UK: Drones help arrest three men for hare hunting

Police drones helped catch three men who were trespassing on private farmland in rural Cleveland in the UK last week.

The drones were part of a night operation conducted various sections of the Cleveland constabulary, which included NPT officers, Matrix Team colleagues, Special Constabulary volunteers and a rural volunteer.

“Three males caught hare coursing on private farmland were detained by officers with the help of a police drone operator,” said Cleveland Police in a statement.

“They were issued with Community Protection Warning letters and one of them also received a warning for possession of cannabis.”

Hare coursing. It is a practice where people use dogs to hunt and kill hare; and that caught our attention because – growing up in rural Africa – we just knew the practice as hunting.

And at no time did we think it was illegal; and arresting a person for hunting in rural Africa will certainly be met with surprised confusion.

But game hunting is illegal though; not only in the UK, but in almost all countries in Africa. At it is illegal, unless one has a licence.

By law in several countries, all wildlife belongs to the state, and it is illegal to hunt it without authorisation from local parks and wildlife authorities.

Add fishing to that too.

It was not immediately clear whether the men were hunting for sport, or if they were craving hare meat.

It was not their lucky night though; as they became the latest statistics of suspects to be apprehended with the direct help of policing drones.

Another man also received a Community Protection Warning letter regarding an earlier hare coursing incident.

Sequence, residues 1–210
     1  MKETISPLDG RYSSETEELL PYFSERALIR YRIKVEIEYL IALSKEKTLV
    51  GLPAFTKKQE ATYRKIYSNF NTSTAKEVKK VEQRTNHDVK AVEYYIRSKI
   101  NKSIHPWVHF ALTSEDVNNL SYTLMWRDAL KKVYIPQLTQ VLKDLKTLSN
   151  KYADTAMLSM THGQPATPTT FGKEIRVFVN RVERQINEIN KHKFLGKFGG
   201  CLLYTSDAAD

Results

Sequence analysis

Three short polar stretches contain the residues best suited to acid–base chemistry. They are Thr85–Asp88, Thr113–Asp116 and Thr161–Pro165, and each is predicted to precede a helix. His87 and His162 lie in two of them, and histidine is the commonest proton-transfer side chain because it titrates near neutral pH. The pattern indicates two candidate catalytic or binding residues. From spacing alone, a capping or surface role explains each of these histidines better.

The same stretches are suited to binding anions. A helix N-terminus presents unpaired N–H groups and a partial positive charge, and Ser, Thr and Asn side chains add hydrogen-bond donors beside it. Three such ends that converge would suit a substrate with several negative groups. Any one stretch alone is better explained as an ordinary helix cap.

The police held the operation as a way to reassure rural farmers and residents in the area with police visibility. Well over 40 farms were covered and officers took the chance to engage with farmers and discuss any issues and concerns.

The operation also prioritised areas affected by poaching and nuisance motorbikes and quads.

“This was another very successful night’s activity which allowed us to provide reassurance, gather intelligence and take action against those intent on causing crime or ASB in rural areas,” Cleveland Police’s force lead for rural crime, Chief Inspector Jon Hagen said.

“I hope last week’s campaign and our ongoing work under Operation Checkpoint helps everyone who lives and works rurally feel they have a voice, that police are listening to their concerns and, more importantly, taking action.”

Having first launched the eyes in the sky in January 2020, Cleveland now has eleven drones in its fleet and 26 current drone licenced pilots, with 14 more officers being trained in police drone use.

Last June, the drones were instrumental in the arrest of off-road bikes in Redcar and Cleveland; after being called upon by Greater Eston and Guisbrough NPT officers to identify and keep a lock onto suspicious bikes and riders to give right directions to officers on the ground.

Four bikes were seized in just a few hours.

The police added that their new drones have a raft of increased capabilities including increased flying time, ability to fly in windier conditions and in rain, and an amazing x 200 zoom (optical and digital zoom combined) including thermal and the ability to smart track both vehicles and people.

“The heat sensing camera helps officers to search large areas very quickly, such as woodlands, which is more efficient and uses less officer time,” the police say.

“There is also live feeds into control room, so senior police officers managing incidents can see images as things unfold.”

One of the very first deployments Cleveland police drone took was in response to ongoing reports of suspected poaching near to Redmarshall and Stillington Villages, in January 2020.

Cleveland Police Assistant Chief Constable Steve Graham said; “Adopting drones is the next step for us in tackling crime. Not only can they be in the air within minutes, the images can be used to help direct officers on the ground, which is really important when we look for missing people.

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